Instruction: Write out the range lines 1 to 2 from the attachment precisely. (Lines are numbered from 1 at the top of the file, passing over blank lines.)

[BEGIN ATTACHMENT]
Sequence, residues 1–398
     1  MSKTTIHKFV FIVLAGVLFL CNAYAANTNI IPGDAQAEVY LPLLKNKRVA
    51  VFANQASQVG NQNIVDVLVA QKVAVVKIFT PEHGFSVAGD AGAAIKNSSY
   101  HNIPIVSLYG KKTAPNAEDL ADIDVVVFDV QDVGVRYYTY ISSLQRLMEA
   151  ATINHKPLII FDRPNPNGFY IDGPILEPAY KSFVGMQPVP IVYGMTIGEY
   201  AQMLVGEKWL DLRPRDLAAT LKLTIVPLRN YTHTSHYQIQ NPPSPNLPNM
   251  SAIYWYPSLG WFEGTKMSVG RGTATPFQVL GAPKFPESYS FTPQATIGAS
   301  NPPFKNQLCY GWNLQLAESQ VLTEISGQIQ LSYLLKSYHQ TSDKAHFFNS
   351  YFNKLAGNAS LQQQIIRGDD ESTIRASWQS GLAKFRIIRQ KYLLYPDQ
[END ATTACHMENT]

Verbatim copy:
Sequence, residues 1–398
     1  MSKTTIHKFV FIVLAGVLFL CNAYAANTNI IPGDAQAEVY LPLLKNKRVA